Fireworks laws leading to confusion

June 27, 2005|by BRIAN SHAPPELL


A Greencastle, Pa., resident may not buy many of the fireworks that are for sale at Pennsylvania businesses.

But someone who lives just across the state's border with Maryland may buy those same fireworks from those businesses and take them into Maryland.

Many of the products are illegal for use without a permit in either state, which a Hagerstown assistant fire marshal said leads to confusion among consumers and circumvention of some existing laws.

Cpl. Nolan Brewbaker, supervisor of the Pennsylvania State Police Fire Marshal's Unit, said that changes to Pennsylvania law last year include allowing businesses to sell fireworks to out-of-state residents on a retail level. Brewbaker said that sales of consumer fireworks, ones beyond novelty items such as sparklers and toy caps that are legal for use in the state, had been allowed solely on a wholesale basis.


Brewbaker said that Pennsylvania residents may not purchase the fireworks without a permit from a local municipality.

Asked if he believed state residents were going outside of their home state to get around local laws, Brewbaker said, "You're going to have that."

"Pennsylvania residents go to Ohio. Ohio residents go to Pennsylvania," Brewbaker said.

He said anyone caught using illegal fireworks in Pennsylvania could face a $100 fine.

Richard L. Miller, an assistant fire marshal in Hagerstown, said fines for those using illegal fireworks can be significantly higher - a $250 maximum fine per device and a mandatory court appearance.

Officials from the West Virginia State Fire Marshal's Office did not return phone calls last week seeking comments on fireworks laws, penalties and safety.

Miller said the legal differences between states can be "confusing" to customers. He said many of the people he has filed citations against are not ignorant to the laws.

"They know that they're illegal. They usually just put their head down and say, 'I know. I'm sorry,'" Miller said.

Miller said he and others in Hagerstown have altered their shifts in recent weeks as part of an effort to catch people using illegal fireworks. About 3,000 fireworks have been seized since June 1, a number that is above average for the month, he said.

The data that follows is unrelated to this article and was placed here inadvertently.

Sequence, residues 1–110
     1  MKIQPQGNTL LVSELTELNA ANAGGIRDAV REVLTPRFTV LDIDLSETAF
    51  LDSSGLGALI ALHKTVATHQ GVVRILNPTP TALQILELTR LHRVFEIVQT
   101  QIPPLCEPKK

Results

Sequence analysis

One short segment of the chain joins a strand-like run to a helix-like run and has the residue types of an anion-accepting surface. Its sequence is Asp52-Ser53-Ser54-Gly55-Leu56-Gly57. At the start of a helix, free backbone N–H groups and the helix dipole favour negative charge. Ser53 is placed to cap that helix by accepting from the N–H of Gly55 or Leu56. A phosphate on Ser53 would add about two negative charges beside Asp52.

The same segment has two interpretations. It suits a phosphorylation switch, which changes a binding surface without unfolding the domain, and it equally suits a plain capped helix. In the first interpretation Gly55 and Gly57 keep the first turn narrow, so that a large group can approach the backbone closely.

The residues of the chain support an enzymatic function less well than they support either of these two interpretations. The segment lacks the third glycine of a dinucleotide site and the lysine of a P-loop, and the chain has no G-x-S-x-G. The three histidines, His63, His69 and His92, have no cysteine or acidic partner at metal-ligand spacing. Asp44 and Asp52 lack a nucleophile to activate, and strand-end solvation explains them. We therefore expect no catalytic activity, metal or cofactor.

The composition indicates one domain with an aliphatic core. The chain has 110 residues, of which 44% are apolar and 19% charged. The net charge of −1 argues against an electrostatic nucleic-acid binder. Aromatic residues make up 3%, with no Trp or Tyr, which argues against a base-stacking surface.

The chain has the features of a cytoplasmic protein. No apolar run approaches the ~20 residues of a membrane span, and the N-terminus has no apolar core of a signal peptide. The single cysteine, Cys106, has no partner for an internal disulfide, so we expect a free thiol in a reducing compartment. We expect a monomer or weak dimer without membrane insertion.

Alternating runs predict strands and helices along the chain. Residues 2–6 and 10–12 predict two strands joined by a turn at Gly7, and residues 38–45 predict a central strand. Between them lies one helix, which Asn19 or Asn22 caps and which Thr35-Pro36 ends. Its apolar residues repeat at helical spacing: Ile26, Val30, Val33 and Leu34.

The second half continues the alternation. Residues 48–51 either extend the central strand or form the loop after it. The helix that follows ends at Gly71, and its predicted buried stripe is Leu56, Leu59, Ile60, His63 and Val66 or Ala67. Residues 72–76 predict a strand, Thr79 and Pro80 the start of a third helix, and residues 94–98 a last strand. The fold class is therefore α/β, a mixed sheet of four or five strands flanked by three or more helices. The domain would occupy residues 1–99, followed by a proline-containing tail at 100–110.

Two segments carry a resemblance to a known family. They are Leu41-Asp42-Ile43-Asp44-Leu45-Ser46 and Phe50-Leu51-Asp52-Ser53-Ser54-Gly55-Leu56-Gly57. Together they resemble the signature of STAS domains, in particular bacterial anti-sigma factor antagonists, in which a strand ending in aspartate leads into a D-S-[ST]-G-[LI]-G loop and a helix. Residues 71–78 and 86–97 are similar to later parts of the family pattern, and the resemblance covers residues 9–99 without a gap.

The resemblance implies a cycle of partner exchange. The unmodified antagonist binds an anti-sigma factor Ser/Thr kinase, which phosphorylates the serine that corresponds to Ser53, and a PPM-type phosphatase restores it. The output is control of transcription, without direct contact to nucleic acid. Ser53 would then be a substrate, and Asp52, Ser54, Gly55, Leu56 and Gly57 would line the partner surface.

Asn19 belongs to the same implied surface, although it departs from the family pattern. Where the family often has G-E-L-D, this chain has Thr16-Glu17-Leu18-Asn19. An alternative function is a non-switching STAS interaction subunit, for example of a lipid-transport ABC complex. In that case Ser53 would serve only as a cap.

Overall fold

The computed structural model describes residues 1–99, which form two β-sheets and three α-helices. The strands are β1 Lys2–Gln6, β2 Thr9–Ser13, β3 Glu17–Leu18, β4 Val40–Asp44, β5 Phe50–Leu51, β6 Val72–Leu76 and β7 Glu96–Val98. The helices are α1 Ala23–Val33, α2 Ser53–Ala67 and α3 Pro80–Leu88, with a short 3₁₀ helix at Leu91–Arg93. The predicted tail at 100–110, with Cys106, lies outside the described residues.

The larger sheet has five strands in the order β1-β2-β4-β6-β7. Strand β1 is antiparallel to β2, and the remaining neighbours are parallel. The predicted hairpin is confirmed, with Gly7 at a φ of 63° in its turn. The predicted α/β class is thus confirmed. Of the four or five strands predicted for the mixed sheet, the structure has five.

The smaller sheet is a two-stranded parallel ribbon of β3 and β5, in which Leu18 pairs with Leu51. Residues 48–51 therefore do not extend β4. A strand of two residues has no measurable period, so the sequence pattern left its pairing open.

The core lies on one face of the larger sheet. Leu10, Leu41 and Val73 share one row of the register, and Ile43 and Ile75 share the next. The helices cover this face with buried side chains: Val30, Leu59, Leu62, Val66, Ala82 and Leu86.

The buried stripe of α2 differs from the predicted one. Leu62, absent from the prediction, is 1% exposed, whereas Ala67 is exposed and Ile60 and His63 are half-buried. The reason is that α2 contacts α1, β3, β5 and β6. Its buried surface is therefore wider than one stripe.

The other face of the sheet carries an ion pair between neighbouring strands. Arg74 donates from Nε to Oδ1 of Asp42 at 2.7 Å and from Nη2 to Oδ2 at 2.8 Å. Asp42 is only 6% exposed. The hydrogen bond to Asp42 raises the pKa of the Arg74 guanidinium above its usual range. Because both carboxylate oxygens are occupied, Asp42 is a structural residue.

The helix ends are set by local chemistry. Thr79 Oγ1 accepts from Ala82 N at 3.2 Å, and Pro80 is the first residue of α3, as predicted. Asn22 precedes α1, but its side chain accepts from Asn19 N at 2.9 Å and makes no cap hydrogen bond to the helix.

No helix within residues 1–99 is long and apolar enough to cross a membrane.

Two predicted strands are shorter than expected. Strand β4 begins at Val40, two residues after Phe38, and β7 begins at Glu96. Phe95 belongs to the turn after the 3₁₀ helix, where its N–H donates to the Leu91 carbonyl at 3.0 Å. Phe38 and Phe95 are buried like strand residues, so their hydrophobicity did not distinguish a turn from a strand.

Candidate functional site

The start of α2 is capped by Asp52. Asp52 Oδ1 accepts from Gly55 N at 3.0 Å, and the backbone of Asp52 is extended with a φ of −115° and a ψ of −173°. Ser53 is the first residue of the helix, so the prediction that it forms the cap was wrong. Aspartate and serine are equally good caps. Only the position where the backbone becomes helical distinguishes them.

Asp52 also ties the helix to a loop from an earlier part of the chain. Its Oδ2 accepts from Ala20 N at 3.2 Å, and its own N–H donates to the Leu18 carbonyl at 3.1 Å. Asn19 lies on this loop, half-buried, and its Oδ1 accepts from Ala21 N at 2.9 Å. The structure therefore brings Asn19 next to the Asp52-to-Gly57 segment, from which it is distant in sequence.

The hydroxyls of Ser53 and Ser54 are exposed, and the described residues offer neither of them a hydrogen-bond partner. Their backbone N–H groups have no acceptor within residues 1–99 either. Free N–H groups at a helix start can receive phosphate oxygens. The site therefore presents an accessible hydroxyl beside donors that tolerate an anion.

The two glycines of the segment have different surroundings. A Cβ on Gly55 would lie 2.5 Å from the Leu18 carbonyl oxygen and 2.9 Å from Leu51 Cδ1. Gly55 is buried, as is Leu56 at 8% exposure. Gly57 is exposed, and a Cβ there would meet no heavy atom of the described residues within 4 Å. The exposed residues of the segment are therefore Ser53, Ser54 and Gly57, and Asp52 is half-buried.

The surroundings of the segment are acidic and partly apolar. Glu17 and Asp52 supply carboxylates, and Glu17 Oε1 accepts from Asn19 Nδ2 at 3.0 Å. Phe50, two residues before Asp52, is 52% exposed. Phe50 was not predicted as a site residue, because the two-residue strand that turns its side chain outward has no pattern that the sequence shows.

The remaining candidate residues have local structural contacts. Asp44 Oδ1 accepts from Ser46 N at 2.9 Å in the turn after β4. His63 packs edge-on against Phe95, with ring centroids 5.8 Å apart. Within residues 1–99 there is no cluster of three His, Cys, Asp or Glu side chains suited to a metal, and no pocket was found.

"If it's flies, spins, moves or explodes, it's more than likely illegal (for use in Maryland)," Miller said.

Miller said one product that is legal is ground-based sparklers, which can be purchased at many convenience stores and parking lot-based retail tents.

Miller said anything purchased at businesses inside Washington County is likely legal for use.

Maryland State Fire Marshal's Office Deputy State Fire Marshal Faron Taylor said that despite the availability just across the borders of Pennsylvania and Ohio, many of the illegal fireworks seized statewide are from southern states.

Taylor said the responsibility of knowing what is and is not legal, as well as the safety of themselves and children, falls on the consumers.

"We're not talking about a common item you see when you walk into a store," Taylor said. "It's not a soda or candy bar. People know fireworks pose an inherent danger when used improperly."

"The mere fact that you have to go somewhere else to buy them is a testament to their knowledge of what is and isn't legal," he added.

Taylor said that spending money at some fireworks retailers is like buying an "inferior product" when there are many licensed fireworks events in the area.

"We have hundreds of licensed public fireworks displays that are free ... The choreography of some of these shows rivals that of Bob Fosse on Broadway," Taylor said.

Miller cautioned those who plan to use the novelty items that legal does not always mean safe when children are using fireworks.

"It's important that parental supervision is maintained and that they're used with care," Miller said.

More information on fireworks in Maryland is available at and in Pennsylvania at in the section labeled "Frequently Asked Questions."

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